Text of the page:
Do Keep the Conversation Going

Similarly, consider missing context. If you’re looking down to take notes, but the camera doesn’t show your pen and notepad, don’t hesitate to say, “Just a moment, I’m taking notes,” to explain the silence and lack of eye contact. However, if you brought notes to the interview to jog your memory, be careful about how often you look down to reference them, so as not to appear distracted.

Now that you’ve brushed up on your virtual interview skills, why not put them to good use? Apply for one of our open positions!

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7 Virtual Interview Tips

Tips for Job Hunting During the Coronavirus Pandemic

Tips for Job Hunting During the Coronavirus Pandemic Look for a Career in the Landscaping Industry

Five years ago, job hunting tips wouldn’t seem like an unusual topic. But if we wrote an article about job hunting during a global pandemic, you would might have thought we were crazy.

Yet, here we are, in the new reality. As difficult as the current situation may be, life goes on and so too will your career. So, how do you move forward? Here are some tips.

Landscaping Career Opportunities
Look to a career in the landscaping industry.

Yes, some companies are still hiring.

You’ve probably already heard that shipping and delivery companies, as well as grocery stores and the healthcare industry are hiring in droves. But, those aren’t your only options. Some companies within other essential industries are also on the lookout for new team members. The landscape industry is one great example. Landscaping is considered an essential service because it’s necessary to maintaining the infrastructure and safety of our communities. The good news is, opportunities in the landscape industry aren’t only for proven green thumbs. Here at BrightView, our open opportunities span a broad range of skillsets—from crew member to business developer, branch management and beyond.

Prioritize companies that are putting safety first.

Want to size up a company quickly? Check out what they’re doing to keep their employees and customers safe during the pandemic. Their response will speak volumes about how they care for their people. Many companies are posting this information to their websites, but be sure to check their social media channels, too. For reference, you can view our COVID-19 Response here. And remember—if a company’s policy isn’t clear, don’t hesitate to ask for clarification during the interview.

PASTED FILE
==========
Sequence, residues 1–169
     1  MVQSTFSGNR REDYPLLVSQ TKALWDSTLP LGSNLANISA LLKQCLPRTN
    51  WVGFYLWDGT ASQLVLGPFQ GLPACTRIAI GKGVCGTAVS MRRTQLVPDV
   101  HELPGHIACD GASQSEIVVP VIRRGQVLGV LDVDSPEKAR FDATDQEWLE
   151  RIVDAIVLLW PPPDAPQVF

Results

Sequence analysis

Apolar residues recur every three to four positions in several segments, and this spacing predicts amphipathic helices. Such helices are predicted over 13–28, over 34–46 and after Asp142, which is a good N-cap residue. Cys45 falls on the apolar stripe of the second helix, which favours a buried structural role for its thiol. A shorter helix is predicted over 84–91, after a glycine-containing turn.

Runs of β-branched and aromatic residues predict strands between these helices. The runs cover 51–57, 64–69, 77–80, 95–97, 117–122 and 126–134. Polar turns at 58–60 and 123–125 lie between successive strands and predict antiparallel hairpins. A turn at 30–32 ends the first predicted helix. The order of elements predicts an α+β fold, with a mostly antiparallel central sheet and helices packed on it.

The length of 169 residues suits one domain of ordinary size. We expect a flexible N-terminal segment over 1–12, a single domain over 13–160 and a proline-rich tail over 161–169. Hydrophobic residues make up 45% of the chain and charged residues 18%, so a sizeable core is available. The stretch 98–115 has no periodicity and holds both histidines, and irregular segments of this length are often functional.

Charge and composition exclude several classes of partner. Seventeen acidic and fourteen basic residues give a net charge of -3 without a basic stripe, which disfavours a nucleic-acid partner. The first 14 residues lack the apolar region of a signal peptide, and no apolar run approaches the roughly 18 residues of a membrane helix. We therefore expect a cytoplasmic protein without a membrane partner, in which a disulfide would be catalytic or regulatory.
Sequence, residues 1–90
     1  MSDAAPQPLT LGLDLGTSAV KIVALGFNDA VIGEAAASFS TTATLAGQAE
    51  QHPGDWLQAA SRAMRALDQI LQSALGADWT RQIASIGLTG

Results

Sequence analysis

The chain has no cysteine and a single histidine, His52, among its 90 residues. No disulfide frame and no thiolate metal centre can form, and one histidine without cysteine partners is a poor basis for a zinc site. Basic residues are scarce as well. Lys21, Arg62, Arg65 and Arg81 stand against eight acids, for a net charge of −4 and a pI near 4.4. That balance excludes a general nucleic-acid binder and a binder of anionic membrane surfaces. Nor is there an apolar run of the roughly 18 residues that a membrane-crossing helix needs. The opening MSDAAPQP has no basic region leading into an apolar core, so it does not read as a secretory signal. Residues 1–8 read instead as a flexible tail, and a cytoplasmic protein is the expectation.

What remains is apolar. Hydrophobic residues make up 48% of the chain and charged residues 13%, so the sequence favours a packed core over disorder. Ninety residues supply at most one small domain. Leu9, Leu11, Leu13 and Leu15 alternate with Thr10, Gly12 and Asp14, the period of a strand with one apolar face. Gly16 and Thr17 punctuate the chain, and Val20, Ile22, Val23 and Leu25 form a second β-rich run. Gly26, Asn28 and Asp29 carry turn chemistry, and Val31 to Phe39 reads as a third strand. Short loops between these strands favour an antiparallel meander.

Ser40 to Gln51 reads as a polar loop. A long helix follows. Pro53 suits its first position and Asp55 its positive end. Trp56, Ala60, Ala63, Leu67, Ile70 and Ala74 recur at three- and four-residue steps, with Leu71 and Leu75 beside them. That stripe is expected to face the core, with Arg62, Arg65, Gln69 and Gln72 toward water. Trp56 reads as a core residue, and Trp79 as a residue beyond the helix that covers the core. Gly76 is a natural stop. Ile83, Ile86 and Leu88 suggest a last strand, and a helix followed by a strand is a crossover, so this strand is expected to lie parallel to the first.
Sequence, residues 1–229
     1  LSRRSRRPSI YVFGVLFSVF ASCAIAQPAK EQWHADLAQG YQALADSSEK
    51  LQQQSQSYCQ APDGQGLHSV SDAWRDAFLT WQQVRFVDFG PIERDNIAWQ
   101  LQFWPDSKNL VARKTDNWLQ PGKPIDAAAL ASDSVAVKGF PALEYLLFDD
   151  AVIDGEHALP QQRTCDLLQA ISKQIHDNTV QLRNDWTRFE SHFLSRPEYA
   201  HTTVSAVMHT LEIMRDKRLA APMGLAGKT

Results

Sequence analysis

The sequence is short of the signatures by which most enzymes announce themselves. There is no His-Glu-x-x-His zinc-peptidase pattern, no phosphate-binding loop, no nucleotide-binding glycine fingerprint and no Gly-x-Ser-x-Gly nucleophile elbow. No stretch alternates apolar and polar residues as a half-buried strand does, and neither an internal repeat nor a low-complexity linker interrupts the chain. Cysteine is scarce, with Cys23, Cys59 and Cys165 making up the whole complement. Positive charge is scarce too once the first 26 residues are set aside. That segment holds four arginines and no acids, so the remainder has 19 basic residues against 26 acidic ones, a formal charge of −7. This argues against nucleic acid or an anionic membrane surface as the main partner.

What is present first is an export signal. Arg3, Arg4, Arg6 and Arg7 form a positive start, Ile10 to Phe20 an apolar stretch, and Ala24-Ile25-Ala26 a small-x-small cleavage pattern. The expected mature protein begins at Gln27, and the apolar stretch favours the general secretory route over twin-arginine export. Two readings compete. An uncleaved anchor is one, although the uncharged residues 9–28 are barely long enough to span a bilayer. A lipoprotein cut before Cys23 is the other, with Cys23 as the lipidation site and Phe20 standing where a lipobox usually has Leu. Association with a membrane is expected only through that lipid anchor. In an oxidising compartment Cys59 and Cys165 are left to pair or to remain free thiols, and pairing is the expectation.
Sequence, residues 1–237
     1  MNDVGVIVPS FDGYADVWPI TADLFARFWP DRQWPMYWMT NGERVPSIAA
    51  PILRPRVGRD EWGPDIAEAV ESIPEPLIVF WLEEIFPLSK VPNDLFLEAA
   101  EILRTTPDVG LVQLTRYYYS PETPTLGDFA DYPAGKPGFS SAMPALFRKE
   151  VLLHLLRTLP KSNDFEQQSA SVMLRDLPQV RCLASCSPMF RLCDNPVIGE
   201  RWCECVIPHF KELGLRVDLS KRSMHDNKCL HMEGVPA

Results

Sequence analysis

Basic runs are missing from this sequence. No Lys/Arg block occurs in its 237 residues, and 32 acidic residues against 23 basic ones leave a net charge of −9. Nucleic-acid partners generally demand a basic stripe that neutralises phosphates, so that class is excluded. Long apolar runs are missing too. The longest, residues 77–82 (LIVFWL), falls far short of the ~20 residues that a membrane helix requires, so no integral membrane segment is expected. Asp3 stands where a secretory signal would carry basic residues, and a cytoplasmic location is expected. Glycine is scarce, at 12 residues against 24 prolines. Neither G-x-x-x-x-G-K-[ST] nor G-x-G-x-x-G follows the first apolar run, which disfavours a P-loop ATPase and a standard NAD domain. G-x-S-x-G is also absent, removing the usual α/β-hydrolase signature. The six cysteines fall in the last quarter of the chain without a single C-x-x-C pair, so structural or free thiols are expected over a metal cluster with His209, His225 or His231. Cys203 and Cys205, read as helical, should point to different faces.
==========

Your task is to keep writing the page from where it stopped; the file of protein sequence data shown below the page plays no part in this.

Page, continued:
Strengthen your network.

Even if a company doesn’t have a current opening posted that fits what you’re looking for, that doesn’t mean there might not be one in the future. Connect with potential hiring managers on LinkedIn or via email to let them know you’re interested in their company and the skills you have to offer. Better yet, if you have a mutual connection, ask them to make an introduction. It’s a great way to get yourself on their radar. 

Overcome quarantine boredom by learning a new skillset.

If quarantine has you nursing a severe case of cabin fever, we have the cure. Learn a new skillset or get a certification that will help you stand out to hiring managers. There’s a wealth of free and low-cost resources online, from virtual classes to instructional YouTube videos and digital library access. If the landscape industry interests you, brush up on your horticultural knowledge by checking the website of your local agricultural extension for intel on local plants, their care, and the insects and diseases that affect them.  Or, browse our Resources section.

Whatever you do, don’t despair.

Sure, this might not be the ideal time to search for a job, but that doesn’t mean you won’t find one. Keep your chin up and keep trying. By continuing your search, you’re demonstrating a key trait many employers value: determination.

Ready to put those tips to good use? BrightView is hiring. Browse our open positions here.

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How to Find a Job During the COVID-19 Pandemic

How to Write a Job Interview Thank You Note

How to Write a Job Interview Thank You Note Gratitude Goes a Long Way

Pat yourself on the back—your interview is done! But before you kick up your feet, there’s one more thing to get out of the way: the post-interview thank you notes.